The delivery system is useful in delivering moisturisers or pharmaceutically active agents within the user's body cavities in a controlled release manner.
The applicants claim that moisturisers are used for the treatment of dryness and the symptoms related to it in areas such as the vaginal cavity.
Current technologies include the use of a hydrophobic barrier such as petrolatum, mineral oil or lanolin to cover the affected tissue.
Another method deploys a humectant like glycerol or propylene glycol, or uses synthetic or natural polymers like polyacrylic acid and hyaluronic acid.
The hydrophobic barrier approach is not effective for remoisturising and humectant systems tend to be readily removed from the body.
Synthetic or natural polymers have proven somewhat effective but are not easy to use nor do they provide complete tissue coverage.
The applicants claim to have identified a need for an effective delivery system that will perform well and may be extended to deliver other treatment agents.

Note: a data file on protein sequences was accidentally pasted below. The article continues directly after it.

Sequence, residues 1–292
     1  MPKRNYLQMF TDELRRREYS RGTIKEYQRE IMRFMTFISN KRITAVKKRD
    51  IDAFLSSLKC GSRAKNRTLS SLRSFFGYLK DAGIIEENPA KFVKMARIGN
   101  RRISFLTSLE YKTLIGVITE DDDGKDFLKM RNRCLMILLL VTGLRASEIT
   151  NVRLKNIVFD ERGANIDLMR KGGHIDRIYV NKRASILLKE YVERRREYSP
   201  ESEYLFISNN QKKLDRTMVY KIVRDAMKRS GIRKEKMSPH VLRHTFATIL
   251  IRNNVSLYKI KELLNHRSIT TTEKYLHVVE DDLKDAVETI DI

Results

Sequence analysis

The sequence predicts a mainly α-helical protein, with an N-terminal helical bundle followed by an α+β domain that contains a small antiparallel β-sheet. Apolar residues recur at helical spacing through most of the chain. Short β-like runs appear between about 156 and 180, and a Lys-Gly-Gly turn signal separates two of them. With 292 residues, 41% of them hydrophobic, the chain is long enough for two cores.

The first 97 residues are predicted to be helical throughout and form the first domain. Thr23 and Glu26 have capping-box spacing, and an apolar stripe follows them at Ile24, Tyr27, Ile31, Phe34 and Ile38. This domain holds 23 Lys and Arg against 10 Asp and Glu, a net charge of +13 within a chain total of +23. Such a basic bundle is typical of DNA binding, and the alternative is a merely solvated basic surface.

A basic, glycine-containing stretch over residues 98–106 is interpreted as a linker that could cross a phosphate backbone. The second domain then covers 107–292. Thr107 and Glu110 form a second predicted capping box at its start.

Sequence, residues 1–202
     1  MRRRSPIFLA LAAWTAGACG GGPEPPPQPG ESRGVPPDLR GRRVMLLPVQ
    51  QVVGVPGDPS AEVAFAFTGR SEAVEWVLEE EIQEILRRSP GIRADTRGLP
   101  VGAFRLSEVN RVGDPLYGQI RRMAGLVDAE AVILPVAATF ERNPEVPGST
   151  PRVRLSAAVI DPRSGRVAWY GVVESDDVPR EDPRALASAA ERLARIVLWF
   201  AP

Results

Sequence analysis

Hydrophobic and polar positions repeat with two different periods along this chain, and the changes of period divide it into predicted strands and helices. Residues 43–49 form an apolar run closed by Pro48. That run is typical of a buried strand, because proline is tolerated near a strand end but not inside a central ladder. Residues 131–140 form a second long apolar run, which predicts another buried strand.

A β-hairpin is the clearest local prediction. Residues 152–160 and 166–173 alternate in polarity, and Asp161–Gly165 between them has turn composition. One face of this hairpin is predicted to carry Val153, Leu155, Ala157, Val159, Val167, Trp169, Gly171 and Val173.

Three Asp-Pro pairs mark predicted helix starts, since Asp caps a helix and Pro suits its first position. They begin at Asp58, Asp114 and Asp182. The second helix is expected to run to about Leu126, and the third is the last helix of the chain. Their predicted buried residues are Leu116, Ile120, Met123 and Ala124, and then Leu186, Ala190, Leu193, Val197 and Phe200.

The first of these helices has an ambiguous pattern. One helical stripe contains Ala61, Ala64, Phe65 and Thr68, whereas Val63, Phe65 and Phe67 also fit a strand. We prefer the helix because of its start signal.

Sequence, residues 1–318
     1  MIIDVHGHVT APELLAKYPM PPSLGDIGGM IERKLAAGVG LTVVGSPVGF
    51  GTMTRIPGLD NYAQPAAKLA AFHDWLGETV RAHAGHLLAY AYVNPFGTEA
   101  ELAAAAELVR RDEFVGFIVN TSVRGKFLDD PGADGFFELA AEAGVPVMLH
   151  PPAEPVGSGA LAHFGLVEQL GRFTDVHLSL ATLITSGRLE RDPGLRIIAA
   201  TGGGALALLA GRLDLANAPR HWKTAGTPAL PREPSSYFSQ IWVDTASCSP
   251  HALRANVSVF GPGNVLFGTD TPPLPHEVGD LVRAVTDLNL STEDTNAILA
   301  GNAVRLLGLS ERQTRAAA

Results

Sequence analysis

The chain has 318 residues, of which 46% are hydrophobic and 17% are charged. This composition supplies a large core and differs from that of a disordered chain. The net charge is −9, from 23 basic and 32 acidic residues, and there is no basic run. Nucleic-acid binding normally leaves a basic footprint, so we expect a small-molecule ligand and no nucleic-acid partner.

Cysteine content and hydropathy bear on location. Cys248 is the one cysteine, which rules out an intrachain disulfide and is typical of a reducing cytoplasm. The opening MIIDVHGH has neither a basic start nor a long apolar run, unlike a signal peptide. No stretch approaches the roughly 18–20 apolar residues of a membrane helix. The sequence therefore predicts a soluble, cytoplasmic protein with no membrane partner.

To achieve this, they have developed a new temperature-responsive delivery system.
Temperature-responsive or 'thermogellation' polymer solutions respond to temperature changes by changing from a liquid to a gel.
The temperature range of interest is about 35°C and polymers that change state at about this temperature are useful because they will remain within a body cavity while a liquid would not.
The patent describes various block polymers that are incorporated in the patent, but ethylene oxide/propylene oxide block copolymers are preferred.
Most cell and tissue surfaces are negatively charged, so positively charged bio-adhesives will adhere well to mucosa membranes. Of the many materials mentioned polyquaterniums-4, -6 and -10 appear to be preferred.
The salt may be sodium or potassium chloride and suitable moisturisers include vitamin E, aloe, stearic acid, cetyl alcohol, glyceryl stearate SE, polysorbate 20 and alphahydroxy acid.